A very good friend of mine, who happened to have been an English major at a really amazing liberal arts college (I have some serious education envy on this point, but I digress), loaned me Sue Limb's book, The Wordsmiths at Gorsemere and told me that, as a former English major, I absolutely *had* to read it. So I did.
This book charmed me so much that I didn't know what to do with myself. I almost felt like I should thank it for being such a clever, lovely read by treating it to tea and scones at Lovejoy's (SF's yummiest and most Jane Austen approved tea house).
The Wordsmiths at Gorsemere is a sort of gentle parody of some of the most famous poets writing during England's Romantic period. Sue Limb tells her story through Dorothy Wordsmith's journal entries as she and her brother, the great poet William Wordsmith (aka Wordsworth), settle into domestic tranquility at Vole Cottage. Limb gives Dorothy's journal a handwritten look, complete with doodlings in the margins and Freudian scratch-outs (the Wordsworth siblings were apparently rather questionably close and the real Dorothy devoted her life to the service of her brother's towering "organ of the imagination"). It's really, really funny - especially when Limb's interspersed illustrations underscore the parody. My favorite was of Dorothy lifting an armoir while begging her "Beloved Wm" not to strain himself with two books. Limb also gives us bits of William Wordsmith's poetry, most notably "The Withered Turnip" and "The Sod Wall" done in Wordsworth's style (which is admittedly a little on the dry side).
During their stay at the idyllic Vole Cottage, their dear friend and fellow poet, Cholerick (Coleridge), comes to stay with them, bringing with him a little brown bottle of "medicine" and his famously sensitive bowels. Lord Byro (Byron) appears, bringing with him a pregnant Italian woman who proceeds to give birth in the upstairs bedroom while Byro himself seduces every female in sight. I especially liked the bit where a stray lightening bolt strikes Dorothy's stays and corset, zapping them right off of her when Byro enters the room. Also making an appearance are Percy Jelley (Shelley) and his lovely new bride Mary Godwit (Wollstonecraft Godwin) who are being pursued by her irate father because they married, instead of choosing to live together unshackled by matrimony.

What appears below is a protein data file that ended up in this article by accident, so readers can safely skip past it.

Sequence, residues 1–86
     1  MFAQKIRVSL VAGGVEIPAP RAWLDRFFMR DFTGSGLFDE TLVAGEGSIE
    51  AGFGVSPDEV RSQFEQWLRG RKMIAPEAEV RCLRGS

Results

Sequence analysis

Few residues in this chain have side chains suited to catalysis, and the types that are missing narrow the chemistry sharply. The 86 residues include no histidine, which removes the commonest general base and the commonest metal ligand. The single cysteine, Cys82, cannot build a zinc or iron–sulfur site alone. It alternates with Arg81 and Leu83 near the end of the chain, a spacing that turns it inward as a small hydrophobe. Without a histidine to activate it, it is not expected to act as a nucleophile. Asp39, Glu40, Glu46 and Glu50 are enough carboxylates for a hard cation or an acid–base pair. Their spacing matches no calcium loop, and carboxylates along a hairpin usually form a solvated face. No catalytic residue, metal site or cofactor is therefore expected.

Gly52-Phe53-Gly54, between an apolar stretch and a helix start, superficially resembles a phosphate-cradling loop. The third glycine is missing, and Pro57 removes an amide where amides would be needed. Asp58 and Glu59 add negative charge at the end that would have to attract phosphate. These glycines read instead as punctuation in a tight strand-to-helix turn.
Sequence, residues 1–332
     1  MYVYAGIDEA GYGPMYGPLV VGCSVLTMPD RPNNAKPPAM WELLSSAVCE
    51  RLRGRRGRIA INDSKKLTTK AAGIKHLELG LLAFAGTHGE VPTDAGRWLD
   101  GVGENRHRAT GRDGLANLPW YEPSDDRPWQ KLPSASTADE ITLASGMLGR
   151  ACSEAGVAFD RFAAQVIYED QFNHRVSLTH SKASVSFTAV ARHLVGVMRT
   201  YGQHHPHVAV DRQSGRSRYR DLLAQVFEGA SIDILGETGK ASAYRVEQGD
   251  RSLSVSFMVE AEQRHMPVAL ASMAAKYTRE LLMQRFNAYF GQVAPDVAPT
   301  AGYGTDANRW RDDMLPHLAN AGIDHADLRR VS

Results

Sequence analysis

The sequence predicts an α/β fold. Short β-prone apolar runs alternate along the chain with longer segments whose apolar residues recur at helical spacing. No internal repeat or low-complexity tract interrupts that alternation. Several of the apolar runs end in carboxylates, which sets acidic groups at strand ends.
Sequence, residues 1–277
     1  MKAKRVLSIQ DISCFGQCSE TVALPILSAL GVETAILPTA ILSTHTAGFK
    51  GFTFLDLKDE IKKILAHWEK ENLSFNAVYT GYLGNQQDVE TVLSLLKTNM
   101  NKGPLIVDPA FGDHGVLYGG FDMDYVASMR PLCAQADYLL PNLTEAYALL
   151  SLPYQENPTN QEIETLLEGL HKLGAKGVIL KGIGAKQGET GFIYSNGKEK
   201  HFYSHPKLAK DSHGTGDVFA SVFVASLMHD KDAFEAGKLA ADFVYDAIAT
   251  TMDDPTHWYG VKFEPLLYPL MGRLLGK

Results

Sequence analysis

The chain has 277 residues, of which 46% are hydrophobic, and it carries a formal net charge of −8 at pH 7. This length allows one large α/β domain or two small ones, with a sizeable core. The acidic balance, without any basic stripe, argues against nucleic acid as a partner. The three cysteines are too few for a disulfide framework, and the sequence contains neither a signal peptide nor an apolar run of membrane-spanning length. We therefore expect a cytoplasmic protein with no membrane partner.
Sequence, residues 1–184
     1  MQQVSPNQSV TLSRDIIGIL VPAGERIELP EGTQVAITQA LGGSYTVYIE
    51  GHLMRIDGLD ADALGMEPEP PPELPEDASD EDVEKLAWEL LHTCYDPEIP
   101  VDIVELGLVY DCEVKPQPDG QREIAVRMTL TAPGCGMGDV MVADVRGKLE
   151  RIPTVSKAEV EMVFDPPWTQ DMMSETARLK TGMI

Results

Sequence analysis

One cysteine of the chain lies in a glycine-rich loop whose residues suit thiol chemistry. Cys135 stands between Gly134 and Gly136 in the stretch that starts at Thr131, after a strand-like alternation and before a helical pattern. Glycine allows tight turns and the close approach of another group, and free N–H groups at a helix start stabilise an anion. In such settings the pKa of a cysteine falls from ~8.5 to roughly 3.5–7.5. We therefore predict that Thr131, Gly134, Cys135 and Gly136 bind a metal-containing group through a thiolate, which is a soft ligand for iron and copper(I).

The Wordsmiths at Gorsemere is just a really charming and incredibly well-thought-out little book. Sue Limb obviously knows her Romantics and strikes the perfect balance between gentle satire and great storytelling. I think that anyone could really enjoy this book and it's definitely worth finding. If you're a former English major, I'm going to follow my friend's lead and say that you absolutely should read it. But even if you're not, pick it up if you come across it - the illustrations, story and humor will get you even if you never had to take a course on the Age of the Romantics in college!